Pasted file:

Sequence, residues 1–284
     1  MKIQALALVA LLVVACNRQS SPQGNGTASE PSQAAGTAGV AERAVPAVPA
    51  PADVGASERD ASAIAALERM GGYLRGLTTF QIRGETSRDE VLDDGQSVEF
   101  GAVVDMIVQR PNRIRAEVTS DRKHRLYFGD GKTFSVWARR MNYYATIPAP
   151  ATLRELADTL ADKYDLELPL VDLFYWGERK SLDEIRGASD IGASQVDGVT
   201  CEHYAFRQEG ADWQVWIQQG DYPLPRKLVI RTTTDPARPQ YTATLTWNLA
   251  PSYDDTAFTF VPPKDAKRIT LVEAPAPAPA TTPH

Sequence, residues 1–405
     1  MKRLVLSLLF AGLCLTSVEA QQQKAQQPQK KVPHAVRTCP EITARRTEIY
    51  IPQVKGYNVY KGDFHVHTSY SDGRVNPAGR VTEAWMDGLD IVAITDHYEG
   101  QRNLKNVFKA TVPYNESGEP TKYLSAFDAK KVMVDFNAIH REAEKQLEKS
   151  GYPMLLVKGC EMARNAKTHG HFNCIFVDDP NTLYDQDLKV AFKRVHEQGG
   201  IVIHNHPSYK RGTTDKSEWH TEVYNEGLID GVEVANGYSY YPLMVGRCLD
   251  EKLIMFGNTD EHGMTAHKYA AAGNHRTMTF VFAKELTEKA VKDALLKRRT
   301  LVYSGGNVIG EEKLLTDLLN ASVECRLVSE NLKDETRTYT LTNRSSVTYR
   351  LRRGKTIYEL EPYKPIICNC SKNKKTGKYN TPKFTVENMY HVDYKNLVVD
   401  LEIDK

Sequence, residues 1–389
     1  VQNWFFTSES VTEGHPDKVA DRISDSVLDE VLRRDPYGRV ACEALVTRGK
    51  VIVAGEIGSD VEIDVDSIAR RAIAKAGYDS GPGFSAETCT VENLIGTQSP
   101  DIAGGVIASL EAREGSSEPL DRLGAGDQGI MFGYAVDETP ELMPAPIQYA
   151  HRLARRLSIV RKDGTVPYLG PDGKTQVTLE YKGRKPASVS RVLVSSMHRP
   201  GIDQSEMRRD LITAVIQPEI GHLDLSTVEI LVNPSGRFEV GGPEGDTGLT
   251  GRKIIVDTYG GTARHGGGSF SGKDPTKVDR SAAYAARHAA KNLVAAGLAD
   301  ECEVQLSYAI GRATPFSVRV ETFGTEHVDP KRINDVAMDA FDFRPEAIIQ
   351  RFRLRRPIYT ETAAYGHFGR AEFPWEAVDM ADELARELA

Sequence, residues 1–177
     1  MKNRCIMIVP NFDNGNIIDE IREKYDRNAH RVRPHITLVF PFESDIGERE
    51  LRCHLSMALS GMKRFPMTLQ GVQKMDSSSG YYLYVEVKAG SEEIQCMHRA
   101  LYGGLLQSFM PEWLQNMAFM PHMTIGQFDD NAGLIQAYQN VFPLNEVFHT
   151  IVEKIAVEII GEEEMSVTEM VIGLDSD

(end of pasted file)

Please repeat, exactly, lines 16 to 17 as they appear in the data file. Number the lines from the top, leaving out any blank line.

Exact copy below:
   351  LRRGKTIYEL EPYKPIICNC SKNKKTGKYN TPKFTVENMY HVDYKNLVVD
   401  LEIDK